In the race to produce the biggest language model yet, Google has now overtaken Open AI’s GPT-3 and Microsoft’s T-NLG with a 1.6 trillion parameter model. In 2021, Meg Mitchell was fired from Google, where she was co-founder of their Ethical AI branch, in the aftermath of a paper she co-wrote about why language models can be harmful if they’re too big. In this episode Meg sets the record straight. She explains what large language models are and what they do, why they’re so important to Google. She tells us why it's a problem that these models don’t understand the significance or meaning of the data that they are trained on, which means that wikipedia data can influence what these models take to be historical fact. She also tells us about how some white men are gatekeeping knowledge about large language models, as well as the culture, politics, power and misogyny at Google that led to her firing.
In this episode, we speak to Soraj Hongladarom, a professor of philosophy and Director of the Center for Science, Technology, and Society at Chulalongkorn University in Bangkok. Soraj explains what makes Buddhism a unique and yet appropriate intervention in AI ethics, why we need to aim for enlightenment with machines, and whether there is common ground for different religions to work together in making AI more inclusive. 
In this episode we chat to Os Keyes, an Ada Lovelace fellow and adjunct professor at Seattle University, and a PhD student at the University of Washington in the department of Human Centered Design & Engineering. We discuss everything from avoiding universalism and silver bullets in AI ethics to how feminism underlies Os’s work on autism and AI and automatic gender recognition technologies.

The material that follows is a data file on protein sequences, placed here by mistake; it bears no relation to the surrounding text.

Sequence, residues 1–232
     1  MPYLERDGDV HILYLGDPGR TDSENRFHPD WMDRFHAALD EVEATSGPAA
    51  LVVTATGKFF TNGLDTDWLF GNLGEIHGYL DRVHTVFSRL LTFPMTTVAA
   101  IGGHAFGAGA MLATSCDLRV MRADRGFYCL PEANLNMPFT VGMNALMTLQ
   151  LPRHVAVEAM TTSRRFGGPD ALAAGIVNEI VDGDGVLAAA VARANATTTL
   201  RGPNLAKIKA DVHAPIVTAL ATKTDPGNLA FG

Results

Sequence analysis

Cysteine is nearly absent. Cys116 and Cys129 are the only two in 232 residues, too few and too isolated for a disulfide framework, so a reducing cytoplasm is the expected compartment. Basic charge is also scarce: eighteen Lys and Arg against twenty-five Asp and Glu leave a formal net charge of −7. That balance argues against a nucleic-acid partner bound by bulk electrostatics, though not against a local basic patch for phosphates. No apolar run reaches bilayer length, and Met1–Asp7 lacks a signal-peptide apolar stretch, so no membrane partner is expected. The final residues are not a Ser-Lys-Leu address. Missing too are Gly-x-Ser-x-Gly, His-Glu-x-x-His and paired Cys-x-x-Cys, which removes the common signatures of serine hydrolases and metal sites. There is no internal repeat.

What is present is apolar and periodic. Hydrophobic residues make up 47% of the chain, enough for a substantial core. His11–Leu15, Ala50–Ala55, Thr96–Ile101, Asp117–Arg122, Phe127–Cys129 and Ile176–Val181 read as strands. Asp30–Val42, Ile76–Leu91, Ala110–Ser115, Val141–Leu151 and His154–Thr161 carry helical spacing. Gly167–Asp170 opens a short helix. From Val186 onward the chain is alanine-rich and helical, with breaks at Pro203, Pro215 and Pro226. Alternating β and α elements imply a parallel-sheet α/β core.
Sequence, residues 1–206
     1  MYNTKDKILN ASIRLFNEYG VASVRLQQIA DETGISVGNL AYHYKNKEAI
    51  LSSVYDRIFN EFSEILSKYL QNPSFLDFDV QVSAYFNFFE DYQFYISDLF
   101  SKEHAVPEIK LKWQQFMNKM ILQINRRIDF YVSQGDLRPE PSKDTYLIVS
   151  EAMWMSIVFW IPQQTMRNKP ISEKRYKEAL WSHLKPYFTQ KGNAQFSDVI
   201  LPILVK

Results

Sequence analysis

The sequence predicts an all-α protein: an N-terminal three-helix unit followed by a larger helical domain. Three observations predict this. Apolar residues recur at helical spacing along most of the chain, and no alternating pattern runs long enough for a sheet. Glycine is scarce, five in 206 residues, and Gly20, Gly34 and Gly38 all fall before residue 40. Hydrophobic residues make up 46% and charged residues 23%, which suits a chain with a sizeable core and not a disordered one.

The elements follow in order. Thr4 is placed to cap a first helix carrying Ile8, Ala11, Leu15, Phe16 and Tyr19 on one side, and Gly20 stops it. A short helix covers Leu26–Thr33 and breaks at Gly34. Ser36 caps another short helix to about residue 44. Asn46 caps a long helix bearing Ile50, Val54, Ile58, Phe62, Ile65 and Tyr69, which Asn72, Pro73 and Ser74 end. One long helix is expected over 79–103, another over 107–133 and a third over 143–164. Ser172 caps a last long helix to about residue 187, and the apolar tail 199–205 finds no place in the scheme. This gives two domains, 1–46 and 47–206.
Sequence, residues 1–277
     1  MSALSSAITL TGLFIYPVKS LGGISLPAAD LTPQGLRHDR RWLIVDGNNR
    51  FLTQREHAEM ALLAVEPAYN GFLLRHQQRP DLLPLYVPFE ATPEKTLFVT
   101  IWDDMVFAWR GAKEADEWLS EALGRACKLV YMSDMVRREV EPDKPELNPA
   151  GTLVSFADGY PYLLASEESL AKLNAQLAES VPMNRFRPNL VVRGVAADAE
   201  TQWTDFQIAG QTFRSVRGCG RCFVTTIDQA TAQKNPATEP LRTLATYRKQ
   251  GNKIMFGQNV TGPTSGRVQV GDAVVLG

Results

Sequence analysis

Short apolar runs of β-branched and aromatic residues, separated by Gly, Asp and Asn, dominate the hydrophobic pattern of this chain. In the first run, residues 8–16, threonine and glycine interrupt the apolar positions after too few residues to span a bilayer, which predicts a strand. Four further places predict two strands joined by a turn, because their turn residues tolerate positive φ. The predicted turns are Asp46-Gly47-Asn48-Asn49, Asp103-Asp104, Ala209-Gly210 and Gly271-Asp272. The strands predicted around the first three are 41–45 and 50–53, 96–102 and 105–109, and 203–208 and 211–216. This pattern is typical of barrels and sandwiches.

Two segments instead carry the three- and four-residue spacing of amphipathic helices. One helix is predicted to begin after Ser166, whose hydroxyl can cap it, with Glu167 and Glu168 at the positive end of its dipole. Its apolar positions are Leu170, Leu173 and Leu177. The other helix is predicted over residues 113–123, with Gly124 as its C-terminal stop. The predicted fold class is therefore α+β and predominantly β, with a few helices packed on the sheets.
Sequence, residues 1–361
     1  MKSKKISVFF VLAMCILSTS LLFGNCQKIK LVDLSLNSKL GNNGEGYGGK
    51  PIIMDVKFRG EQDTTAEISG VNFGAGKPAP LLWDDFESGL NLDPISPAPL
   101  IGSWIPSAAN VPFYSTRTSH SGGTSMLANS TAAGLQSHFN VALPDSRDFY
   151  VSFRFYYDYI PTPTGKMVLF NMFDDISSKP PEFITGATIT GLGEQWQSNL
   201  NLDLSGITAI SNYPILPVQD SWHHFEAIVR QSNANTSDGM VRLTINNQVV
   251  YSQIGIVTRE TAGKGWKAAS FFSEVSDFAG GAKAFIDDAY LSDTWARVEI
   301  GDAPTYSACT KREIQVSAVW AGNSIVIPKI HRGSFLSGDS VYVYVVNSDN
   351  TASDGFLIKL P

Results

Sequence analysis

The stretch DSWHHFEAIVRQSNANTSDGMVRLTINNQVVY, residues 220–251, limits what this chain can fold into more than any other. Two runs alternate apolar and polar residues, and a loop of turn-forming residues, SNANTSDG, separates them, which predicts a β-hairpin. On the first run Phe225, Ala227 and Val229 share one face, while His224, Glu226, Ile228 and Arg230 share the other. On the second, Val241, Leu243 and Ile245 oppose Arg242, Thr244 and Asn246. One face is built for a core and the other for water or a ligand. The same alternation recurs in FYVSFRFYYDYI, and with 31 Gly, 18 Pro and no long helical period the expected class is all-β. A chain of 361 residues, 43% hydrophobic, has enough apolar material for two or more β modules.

In this episode, we talk to Dr Alex Hanna, Director of Research at the Distributed AI Research Institute which was founded and directed by her ex-boss at Google Dr Timnit Gebru. Previously a sociologist working on ethical AI at Google and now a superstar in her own right, she tells us why Google’s attempt to be neutral is nonsense, how the word good in ‘good tech’ allows people to dodge getting political when orienting technology towards justice, and why technology may not actually take on the biases of its individual creators but probably will take on the biases of its organisation.
In this episode we chat to Virginia Dignum, Professor of Responsible Artificial Intelligence at the University of Umeå where she leads the Social and Ethical Artificial Intelligence research group. We draw on Dignum’s experience as an engineer and legislator to discuss how any given technology might not be good or bad, but is never valueless; how the public can participate in conversations around AI; how to combat evasions of responsibility among creators and deployers of technology, when they say ‘sorry, the system says so’; and why throwing data at a problem might not make it better.